Secrets, shame, and decades of criminal activity frame the third Lily Kovner “Jewish Miss Marple” novel.
Based on a true story in the author’s family, The Nice Little Blonde Girl exposes personal and historic turmoil experienced by courageous women and treasured objects, all victims of war, occupation, and unholy behavior in the name of religion.
Lily Kovner, nicknamed the Jewish Miss Marple, accidentally spies a familiar-looking painting hanging in the unlikely setting of a shabby restaurant in Vatican City. Simon Rieger, her significant other, has been summoned to examine a previously unknown manuscript, attributed to a famous Talmudic scholar, unaccountably stored there.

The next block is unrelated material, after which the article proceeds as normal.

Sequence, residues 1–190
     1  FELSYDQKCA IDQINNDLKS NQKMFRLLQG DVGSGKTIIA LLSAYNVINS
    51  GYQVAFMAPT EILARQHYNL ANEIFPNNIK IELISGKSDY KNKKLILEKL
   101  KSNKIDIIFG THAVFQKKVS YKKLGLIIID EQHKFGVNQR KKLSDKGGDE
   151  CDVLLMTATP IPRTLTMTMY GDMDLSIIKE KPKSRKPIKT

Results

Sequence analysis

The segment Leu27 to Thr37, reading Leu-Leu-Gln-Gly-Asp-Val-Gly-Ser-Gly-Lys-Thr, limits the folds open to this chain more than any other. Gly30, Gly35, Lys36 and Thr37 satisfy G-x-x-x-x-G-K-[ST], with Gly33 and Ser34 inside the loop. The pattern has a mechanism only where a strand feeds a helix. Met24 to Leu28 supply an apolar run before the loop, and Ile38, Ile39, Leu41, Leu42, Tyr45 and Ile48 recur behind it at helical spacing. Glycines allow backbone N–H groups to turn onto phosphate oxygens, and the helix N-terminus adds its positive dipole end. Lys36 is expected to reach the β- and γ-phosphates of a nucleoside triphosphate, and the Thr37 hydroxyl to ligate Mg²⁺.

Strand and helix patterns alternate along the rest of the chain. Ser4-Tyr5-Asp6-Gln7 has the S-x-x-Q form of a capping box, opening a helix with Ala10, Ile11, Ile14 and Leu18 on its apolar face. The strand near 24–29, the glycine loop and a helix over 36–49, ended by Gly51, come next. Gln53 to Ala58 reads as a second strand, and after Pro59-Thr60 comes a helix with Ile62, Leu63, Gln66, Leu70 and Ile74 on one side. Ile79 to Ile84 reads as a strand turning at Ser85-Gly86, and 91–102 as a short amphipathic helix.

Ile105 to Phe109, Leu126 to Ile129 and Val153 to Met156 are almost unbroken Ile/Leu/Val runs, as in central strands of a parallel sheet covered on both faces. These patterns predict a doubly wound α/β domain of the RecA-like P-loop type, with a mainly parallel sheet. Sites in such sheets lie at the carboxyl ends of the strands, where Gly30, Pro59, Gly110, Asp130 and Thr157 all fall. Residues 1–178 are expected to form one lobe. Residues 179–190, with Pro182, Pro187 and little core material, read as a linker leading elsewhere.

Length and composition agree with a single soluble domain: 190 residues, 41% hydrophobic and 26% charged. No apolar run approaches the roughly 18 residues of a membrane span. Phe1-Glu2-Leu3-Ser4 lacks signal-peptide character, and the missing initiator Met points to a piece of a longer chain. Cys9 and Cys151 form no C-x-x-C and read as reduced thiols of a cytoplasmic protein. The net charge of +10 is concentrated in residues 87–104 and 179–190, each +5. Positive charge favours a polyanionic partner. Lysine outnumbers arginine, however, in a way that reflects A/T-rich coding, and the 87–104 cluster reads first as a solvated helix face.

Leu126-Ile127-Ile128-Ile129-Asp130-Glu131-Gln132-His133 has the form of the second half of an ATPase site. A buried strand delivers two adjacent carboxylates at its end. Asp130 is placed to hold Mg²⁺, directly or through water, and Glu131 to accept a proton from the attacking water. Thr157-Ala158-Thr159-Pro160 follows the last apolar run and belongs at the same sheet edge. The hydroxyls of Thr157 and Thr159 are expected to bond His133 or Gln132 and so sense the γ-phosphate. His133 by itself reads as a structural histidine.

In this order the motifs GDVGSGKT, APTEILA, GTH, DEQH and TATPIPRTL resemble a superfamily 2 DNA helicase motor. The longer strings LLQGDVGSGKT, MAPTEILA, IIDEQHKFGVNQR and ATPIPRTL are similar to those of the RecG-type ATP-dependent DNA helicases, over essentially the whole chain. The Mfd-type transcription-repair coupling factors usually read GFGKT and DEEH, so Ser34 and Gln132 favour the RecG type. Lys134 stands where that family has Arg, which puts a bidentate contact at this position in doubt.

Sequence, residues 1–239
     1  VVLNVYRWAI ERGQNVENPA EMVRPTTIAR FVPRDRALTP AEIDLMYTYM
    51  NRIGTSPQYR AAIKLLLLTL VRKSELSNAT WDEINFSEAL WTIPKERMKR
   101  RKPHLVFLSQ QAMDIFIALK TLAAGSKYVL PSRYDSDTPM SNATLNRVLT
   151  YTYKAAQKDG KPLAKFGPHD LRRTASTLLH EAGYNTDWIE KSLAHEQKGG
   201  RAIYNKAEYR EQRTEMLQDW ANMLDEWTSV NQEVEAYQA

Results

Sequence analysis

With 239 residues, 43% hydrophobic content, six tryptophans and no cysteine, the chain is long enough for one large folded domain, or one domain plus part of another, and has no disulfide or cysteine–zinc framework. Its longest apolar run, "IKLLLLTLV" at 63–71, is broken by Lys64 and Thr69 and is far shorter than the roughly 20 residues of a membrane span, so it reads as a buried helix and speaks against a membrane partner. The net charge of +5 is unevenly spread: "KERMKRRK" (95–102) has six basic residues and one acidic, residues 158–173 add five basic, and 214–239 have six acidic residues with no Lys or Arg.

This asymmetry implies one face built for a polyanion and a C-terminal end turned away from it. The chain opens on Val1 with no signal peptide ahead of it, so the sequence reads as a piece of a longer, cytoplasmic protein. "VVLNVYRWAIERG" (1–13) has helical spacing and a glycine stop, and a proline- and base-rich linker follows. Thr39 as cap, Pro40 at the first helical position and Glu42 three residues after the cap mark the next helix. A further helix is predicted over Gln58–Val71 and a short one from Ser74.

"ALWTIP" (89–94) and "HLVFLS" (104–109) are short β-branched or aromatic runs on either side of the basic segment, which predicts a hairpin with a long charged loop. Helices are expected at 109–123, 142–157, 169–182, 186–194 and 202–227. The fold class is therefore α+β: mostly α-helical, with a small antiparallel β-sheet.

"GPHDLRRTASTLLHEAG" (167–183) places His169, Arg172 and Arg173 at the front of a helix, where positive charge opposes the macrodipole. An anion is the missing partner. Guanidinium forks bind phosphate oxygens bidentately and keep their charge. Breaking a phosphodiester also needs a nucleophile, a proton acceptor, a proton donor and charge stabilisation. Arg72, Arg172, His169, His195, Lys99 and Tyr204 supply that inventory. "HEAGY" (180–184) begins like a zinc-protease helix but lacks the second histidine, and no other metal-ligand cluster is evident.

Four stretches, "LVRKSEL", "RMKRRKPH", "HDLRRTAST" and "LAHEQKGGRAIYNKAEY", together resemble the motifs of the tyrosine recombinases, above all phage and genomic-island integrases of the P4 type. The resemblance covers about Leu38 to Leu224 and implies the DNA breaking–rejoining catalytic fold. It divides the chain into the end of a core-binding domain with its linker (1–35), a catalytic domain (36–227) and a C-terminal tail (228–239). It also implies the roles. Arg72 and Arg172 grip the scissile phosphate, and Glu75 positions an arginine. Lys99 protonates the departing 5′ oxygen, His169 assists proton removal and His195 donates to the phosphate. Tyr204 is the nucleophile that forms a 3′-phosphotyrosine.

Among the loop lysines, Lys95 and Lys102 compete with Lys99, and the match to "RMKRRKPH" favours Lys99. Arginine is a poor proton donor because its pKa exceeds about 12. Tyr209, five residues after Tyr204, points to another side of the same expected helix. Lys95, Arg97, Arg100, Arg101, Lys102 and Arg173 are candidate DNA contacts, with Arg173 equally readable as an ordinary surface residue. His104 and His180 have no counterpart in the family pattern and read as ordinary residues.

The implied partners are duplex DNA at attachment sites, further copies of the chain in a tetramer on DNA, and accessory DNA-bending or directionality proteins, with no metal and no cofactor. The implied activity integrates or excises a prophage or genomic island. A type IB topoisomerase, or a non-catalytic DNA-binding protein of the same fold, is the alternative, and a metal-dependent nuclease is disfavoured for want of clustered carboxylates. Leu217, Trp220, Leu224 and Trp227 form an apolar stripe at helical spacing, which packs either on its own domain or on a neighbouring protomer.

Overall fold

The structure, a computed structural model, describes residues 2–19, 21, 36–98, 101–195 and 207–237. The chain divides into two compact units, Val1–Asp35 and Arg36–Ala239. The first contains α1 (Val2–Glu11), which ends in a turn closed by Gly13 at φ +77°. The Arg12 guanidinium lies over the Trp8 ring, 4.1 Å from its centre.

A suspicious death and the disappearance of both the painting and manuscript lead Lily and Simon to Lviv, Ukraine, newly freed from Soviet rule but a city lacking vestiges of the vibrant Jewish community that thrived there for centuries before World War II and isolation behind the Iron Curtain. Lily recalls her one pre-war childhood visit to this city then known as Lwów, Poland, and wonders if any of the relatives she met survived the Holocaust.
Ultimately, the path reveals a modern woman’s saga of solitary resilience, despite the treachery of perpetrators professing to be holy, that mirrors a centuries-old local legend of a Jewish heroine who saved a landmark synagogue.